Australia’s spy agency chief Rachel Noble has cited an unnamed company’s refusal to work with the government when responding to a cyber attack as evidence of the need for laws that would compel some form of cooperation.
Speaking at an inquiry into the Security Legislation Amendment (Critical Infrastructure) Bill, Noble said the cyber attack – which had “national impact” – was an example of what “bad looks like” when it comes to incident response.
She declined to name the company involved, though Home Affairs secretary Mike Pezzullo described the incident as a “nationally known case, involving a nationally known company”.
“Bad looks like – and this is a real example, but I’m not going to name names – we find out something’s happened because there are media reports,” Noble told the parliamentary joint committee on intelligence and security on Friday.
“Then we try to reach out to the company to clarify if the media reports are true, and they don’t want to talk to us.
“Five days later, we’re still getting a very sluggish engagement of trying to help them to provide data to us and deploy some of our tools so we can work out what’s happened on… their networks.
“That goes for 13 days, this incident had a national impact on our country. On day 14 we’re able to only provide them with only generic protection advice and their network is still down.
“Three months later and they get reinfected and we start again.”
Noble said that sometimes the Australian Signals Directorate would have to “use [its] own very senior level contacts… to try and establish trust, and build a willingness to cooperate”.
“We have at times spent nearly a week negotiating with lawyers about us even being able to obtain that basic information… of can we please have some data from your network, we might be able help tell you quickly who it is and what they’re doing and what they might do next,” she said.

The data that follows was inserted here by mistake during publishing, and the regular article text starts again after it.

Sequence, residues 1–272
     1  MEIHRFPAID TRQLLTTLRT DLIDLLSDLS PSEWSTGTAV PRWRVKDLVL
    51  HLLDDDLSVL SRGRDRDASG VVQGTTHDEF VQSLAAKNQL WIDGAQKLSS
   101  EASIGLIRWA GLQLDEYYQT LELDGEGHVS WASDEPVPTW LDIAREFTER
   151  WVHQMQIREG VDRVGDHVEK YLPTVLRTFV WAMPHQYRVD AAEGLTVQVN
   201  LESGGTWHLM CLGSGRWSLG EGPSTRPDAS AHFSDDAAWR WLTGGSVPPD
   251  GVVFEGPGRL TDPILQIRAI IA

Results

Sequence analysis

Asked by Liberal senator James Patterson whether businesses are always cooperative with ASD when impacted by a cyber security incident, Noble said “that is not our lived experience”.
Noble said that legislation could overcome this by giving ASD more leverage to “expect these critical infrastructure providers… [to] actually have better cyber security standards in the first place.”
If passed, the bill will require critical infrastructure operators to hand over ownership and operational information and undertake prescribed activities like vulnerability assessments.
It will also give the ASD the power to defend networks and systems of critical infrastructure against cyber attacks in exceptional circumstances, a proposal that has alarmed tech companies.
“The best part of this legislation, from my point of view, is that if they look after themselves, it doesn’t become work for my people,” Noble said.
“And if they’re defences are much higher, they’re keeping out the low level crims, and then we might be able to focus on the much more sophisticated, highly-organised criminal syndicates or state actors.”
Noble cited ASD’s interaction with the Victorian government after a 2019 ransomware attack against the healthcare sector as one of the “wonderful examples of incredible cooperation”.
“’Good’ looks like they contact us. We are able to work with them. They are able to provide technical information off their network like logs, images of disks. That happens on day one,” she said.
“Within that same 24 hours, we sent incident responders on the ground working side-by-side with the Victorian government, the private entity impacted, their private service provider and our staff.
“We’re able to fully map the network. We were able to identify the nature of the criminality.”